“I am to express the earnest hope of the chamber, that the diplomatic body will take advantage of every opportunity to impress upon the Tsung-li Yamên the importance of organizing without delay a board of conservators.”

It may be presumed that the Chamber meant to indicate to the foreign representatives that the “special functionaries” mentioned in the second extract from the letter should [Page 107] be under the orders of the board of conservators, which board should be invested with a general concern in and control of all matters pertaining to, “the most efficient means of protecting the navigable channels of the port.”

It is likely that the chamber, had in view the constitution of a board in which foreign officers would take a part, say members of the consular body. It would seem, however, unlikely that the Chinese Government would be at all willing to consent to this. They are not only jealous of their proper rights, but are becoming sensitive to any proposal which may in any degree seem to invade or trench upon them. It is probable that the consular body could as such, in the usual course of its functions, exercise as much influence as would be appropriate, or, at least, acceptable to the Chinese.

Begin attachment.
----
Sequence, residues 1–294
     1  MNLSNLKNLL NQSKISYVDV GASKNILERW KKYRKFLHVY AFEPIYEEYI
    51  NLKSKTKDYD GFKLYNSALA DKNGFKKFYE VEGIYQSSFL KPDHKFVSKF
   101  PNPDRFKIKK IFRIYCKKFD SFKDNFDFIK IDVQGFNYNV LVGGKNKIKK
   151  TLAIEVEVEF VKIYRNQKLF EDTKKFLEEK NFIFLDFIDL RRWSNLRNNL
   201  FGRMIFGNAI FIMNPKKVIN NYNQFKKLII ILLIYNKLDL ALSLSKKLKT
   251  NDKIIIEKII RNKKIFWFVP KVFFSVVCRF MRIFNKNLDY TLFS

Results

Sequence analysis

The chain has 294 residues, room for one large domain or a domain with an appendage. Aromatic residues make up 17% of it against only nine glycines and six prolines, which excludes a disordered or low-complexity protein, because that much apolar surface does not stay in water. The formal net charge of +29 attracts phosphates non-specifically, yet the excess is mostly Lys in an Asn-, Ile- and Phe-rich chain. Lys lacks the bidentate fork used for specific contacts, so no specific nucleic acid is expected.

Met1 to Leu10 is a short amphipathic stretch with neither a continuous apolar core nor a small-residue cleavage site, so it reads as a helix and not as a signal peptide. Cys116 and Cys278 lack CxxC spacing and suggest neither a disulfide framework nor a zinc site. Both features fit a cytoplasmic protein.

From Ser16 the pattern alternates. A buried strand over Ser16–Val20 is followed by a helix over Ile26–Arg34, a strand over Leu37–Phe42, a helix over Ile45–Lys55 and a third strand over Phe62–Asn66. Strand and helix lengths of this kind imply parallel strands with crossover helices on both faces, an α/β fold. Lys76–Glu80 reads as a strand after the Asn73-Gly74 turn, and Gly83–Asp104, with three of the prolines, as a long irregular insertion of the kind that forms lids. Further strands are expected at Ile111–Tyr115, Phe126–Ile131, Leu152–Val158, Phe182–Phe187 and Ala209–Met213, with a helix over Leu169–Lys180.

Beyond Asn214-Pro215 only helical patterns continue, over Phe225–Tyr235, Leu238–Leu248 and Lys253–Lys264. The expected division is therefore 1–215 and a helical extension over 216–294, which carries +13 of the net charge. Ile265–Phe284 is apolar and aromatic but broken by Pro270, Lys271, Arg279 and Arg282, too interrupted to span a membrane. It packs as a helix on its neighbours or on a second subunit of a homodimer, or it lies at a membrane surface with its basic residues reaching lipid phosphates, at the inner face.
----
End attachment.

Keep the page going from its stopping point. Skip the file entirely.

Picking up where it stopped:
Aboard of conservation constituted of native officers only would certainly not prove satisfactory. It might be possible, however, to establish a board consisting of native officers and of foreigners in the Chinese service. Granting that this would be as satisfactory a solution of the question as could be secured, it would seem that it would be somewhat difficult to approach the government with the proposition. It is one which appears simple enough to foreigners, but it would involve the issue of orders to the provincial authorities of a novel sort; it would look to the expenditure of money, and, altogether, would be likely to fail.